While they often enough recognize the value of structure and predictability, ENFP parents are unlikely to have the heart (or as they may see it, the lack of heart) to establish these limitations themselves. They may need to depend on their partners to provide some necessary guidelines and discipline from time to time, but ENFP parents will always have the advantage of their open-minded and empathetic nature, making them not just parents, but friends who their children feel comfortable confiding in. They needn’t always depend on their children broaching the subject either, as ENFPs have a natural skill in spotting emotional disharmony or physical discomfort in others.
Go On, Spread Your Wings
As their children approach the teenage years, all this emotion and attention can start to cloy, and their children may seek a more private independence. This can be a challenge for people with the ENFP personality type – they have strong emotions, and invest those emotions heavily in the things and people they care about. While they may not be big on using proven ideas, ENFPs do like to see whether or not their ideas work, and this applies to their thoughts on parenting, too. As their adolescent children withdraw, they leave an unsolved mystery that can last for years, leaving their ENFP parents wondering if their ideas on raising their children actually work, actually result in happy, independent and creative adults.
Luckily for them, so long as they raise their children with a sense of productive independence, rather than an aimless, against-the-grain antipathy, ENFPs will find that their children have developed a strong sense of self and self-worth, going confidently out into the big, wide world at their own pace and in their own style, knowing that they have both themselves and their ENFP parents to depend on.
“Can’t I fly helicopters AND be an oceanographer who writes songs and cooks?” It’s a big world out there – perhaps even a little too big. ENFPs are fascinated by new ideas, both in terms of developments in fields they are already familiar with, and when new subjects come along. The trick for people with the ENFP personality type is to take advantage of this quality, this wonder with the magnificent breadth and detail in the world, and to use it to propel themselves further and deeper than others are willing or able to go.
If there’s a challenge ENFPs face when selecting a career, it isn’t that they lack talent or options or drive, it’s that there are so many things out there that are justcool.
The Opening of a Door Can Be a Wonderfully Joyous Moment
Chief among ENFPs’ talents is their people skills, a quality that is even more valuable now than ever. Even in traditional Analyst strongholds like engineering, systems analysis and the sciences, ENFPs’ ability to network and match the communication styles of their audience means that even as they explore new challenges on their own, they will be able to work with others, explore others’ perspectives and glean new insights into their projects. Much of modern progress stems from incorporating other studies into typically disassociated fields, and no one is better equipped to merge broad interests than talented, energetic and future-minded ENFPs.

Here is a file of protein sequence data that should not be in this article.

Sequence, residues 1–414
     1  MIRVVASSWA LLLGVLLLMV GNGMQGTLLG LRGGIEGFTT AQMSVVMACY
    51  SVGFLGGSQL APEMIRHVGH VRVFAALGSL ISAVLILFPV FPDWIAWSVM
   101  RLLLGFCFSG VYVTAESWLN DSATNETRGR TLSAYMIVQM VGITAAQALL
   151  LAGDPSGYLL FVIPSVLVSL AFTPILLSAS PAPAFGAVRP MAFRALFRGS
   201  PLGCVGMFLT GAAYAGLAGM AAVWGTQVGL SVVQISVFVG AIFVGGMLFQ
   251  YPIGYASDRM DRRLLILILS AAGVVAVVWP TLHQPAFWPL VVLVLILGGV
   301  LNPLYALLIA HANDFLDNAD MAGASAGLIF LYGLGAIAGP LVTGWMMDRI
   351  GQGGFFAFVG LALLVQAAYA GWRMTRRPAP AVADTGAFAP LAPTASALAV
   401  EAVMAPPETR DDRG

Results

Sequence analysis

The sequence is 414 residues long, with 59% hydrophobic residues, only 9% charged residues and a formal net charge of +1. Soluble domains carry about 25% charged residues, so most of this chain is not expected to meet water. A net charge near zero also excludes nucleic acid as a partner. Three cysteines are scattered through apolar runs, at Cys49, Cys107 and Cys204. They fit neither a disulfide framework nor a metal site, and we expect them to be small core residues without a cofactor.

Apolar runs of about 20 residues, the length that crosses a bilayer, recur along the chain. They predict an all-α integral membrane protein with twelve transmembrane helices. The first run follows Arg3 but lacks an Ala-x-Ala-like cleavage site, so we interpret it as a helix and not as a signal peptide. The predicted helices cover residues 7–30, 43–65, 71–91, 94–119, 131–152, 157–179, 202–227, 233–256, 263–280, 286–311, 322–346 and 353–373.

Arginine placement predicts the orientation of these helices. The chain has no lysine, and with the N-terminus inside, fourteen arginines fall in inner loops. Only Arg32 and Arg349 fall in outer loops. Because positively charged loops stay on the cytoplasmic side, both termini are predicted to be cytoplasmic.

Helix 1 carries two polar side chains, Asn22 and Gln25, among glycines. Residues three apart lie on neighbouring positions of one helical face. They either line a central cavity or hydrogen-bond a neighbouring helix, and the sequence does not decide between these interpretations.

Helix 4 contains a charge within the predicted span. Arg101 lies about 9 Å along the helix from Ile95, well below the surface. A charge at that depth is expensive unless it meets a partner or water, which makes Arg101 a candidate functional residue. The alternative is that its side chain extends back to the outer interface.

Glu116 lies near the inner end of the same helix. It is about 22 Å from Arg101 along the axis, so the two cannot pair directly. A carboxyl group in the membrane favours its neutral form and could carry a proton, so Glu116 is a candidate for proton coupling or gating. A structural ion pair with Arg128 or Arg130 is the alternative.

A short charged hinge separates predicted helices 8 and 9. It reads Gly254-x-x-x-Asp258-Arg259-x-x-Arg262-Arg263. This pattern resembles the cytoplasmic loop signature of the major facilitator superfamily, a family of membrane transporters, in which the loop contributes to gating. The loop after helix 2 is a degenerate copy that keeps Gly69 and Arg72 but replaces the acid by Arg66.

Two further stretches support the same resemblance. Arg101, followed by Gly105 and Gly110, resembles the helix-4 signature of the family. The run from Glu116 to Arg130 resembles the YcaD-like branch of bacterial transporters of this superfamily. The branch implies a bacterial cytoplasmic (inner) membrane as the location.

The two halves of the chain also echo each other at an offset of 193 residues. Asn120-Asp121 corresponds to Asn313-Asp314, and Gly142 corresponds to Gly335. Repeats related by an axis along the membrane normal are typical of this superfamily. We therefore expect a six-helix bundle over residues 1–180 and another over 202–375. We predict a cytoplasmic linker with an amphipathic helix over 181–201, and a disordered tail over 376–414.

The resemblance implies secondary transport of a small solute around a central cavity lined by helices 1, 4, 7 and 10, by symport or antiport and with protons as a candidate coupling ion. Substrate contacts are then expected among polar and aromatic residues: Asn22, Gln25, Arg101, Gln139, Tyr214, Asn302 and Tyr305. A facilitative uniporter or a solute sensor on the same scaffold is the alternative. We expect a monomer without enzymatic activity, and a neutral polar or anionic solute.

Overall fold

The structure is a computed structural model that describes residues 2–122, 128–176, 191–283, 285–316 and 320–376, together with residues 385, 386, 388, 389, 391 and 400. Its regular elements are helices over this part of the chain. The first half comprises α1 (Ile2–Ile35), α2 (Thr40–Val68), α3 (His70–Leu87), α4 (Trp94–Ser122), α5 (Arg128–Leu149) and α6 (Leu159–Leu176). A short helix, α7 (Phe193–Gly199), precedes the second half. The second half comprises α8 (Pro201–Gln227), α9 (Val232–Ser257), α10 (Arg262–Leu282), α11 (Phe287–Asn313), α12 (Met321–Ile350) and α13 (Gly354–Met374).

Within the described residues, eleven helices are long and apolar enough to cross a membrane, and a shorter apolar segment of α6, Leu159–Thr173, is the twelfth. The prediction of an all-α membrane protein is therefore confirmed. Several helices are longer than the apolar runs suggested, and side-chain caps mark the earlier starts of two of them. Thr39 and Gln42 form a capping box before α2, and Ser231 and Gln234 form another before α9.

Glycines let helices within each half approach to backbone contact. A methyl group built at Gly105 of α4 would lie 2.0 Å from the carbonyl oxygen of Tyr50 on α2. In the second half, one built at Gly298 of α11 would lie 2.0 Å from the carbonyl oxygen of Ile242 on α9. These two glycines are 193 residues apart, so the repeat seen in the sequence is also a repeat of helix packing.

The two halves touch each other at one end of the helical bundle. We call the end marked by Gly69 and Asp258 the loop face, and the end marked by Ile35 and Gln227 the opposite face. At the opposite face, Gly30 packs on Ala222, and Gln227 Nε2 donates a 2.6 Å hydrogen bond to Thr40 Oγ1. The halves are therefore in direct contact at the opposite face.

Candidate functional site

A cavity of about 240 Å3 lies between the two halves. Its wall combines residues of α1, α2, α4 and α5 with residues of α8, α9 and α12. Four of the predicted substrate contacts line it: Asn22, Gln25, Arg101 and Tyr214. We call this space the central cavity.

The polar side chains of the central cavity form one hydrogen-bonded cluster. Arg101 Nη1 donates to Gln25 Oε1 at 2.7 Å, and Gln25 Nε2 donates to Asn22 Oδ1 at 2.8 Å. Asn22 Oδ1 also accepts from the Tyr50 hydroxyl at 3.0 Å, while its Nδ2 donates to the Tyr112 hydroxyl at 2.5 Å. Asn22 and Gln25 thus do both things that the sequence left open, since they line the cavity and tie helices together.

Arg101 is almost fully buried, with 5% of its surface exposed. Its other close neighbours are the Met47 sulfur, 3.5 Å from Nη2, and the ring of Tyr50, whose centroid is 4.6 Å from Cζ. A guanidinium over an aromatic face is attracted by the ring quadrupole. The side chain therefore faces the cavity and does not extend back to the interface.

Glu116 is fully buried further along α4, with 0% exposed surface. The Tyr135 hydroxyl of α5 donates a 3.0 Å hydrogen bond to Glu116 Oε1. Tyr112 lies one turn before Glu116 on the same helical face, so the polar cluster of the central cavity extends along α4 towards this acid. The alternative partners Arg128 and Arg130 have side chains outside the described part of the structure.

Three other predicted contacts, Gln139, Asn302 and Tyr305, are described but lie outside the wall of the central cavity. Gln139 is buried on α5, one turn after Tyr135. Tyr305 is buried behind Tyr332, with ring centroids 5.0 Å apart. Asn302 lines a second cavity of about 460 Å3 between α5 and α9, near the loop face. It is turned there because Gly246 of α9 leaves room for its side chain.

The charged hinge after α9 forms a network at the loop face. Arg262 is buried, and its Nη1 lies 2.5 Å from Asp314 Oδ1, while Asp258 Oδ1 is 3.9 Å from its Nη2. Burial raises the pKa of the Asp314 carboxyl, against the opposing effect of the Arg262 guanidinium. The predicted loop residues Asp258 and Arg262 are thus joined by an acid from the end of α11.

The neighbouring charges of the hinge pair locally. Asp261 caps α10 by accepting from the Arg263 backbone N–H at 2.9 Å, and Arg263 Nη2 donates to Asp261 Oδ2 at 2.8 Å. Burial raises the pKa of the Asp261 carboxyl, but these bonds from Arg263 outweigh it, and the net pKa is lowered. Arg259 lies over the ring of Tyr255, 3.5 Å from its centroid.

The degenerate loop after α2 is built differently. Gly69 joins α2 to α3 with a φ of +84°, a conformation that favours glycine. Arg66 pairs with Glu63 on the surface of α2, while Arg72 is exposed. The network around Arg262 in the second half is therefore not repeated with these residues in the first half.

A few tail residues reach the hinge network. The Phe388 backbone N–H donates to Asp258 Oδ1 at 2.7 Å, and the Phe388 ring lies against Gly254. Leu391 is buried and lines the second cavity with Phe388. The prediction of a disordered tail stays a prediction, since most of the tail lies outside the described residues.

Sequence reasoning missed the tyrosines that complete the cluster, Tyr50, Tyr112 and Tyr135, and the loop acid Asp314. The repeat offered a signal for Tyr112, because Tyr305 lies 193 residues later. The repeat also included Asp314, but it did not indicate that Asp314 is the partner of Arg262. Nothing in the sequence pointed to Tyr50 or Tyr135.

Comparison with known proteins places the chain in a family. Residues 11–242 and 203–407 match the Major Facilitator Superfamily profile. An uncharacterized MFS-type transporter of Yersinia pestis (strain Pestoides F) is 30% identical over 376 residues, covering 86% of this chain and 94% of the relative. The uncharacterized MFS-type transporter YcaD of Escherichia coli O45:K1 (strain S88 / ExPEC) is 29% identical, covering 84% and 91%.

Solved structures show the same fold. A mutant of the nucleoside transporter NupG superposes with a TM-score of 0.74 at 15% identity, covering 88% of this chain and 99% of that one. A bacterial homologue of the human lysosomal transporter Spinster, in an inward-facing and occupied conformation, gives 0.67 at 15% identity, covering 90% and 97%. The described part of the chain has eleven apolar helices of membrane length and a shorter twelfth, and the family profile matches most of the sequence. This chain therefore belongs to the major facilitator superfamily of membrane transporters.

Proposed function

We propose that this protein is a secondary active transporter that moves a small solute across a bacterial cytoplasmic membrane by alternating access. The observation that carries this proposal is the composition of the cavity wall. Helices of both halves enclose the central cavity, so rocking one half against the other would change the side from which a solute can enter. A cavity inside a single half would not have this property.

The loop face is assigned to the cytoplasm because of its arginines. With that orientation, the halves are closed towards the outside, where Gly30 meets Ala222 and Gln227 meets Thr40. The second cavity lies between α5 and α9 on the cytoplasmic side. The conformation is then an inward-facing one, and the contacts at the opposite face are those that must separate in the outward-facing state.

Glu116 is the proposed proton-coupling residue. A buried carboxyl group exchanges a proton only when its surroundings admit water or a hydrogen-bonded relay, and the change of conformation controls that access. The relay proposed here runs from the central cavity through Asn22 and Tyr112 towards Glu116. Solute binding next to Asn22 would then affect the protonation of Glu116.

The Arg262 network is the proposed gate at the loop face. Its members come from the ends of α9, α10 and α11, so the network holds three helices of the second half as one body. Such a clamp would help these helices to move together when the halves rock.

And while Thinking types may be better at applying logic to systems and machines, people with the ENFP personality type are able to apply that same logic to human interactions and networks, using their exceptional social perception to find out what makes people tick. This lends ENFPs a solid foothold in any human science or service, from psychology, counseling and teaching to politics, diplomacy and detective work. All of these fields have another important similarity: they are in constant development, shifting, presenting new angles and new approaches. It’s simply not possible to be good in these fields and content with the way things are, and this is where ENFPs truly shine.
Too Many Bosses, Too Few Workers
Where ENFPs do not shine is in systems of strict regimentation and hierarchy, such as military service. ENFPs thrive on the ability to question the status quo and explore the alternatives, and if this is a quality that is not just unappreciated but actually frowned upon, this will not only make them unhappy, but it may even threaten their emotional stability. Repetition, predictability, boredom… while some Sentinel types may appreciate predictability and clear hierarchies, these are not selling points for ENFPs. People with the ENFP personality type need to feel like they’re pushing boundaries and exploring ideas, and should focus on interests and careers that encourage that.
Many more career options satisfy these needs, and not just the scientific ones – writing, journalism, acting and TV reporting all give ENFPs a chance to explore something new every day and stir the pot a little while they’re at it. It may come to pass though, that the best way forward for ENFP personalities is to establish themselves as entrepreneurs and consultants, blazing their own trails and taking on whatever project is most fascinating. So long as they get to use their people skills, identify and achieve their own goals and inspire their colleagues and followers, ENFPs will be happy.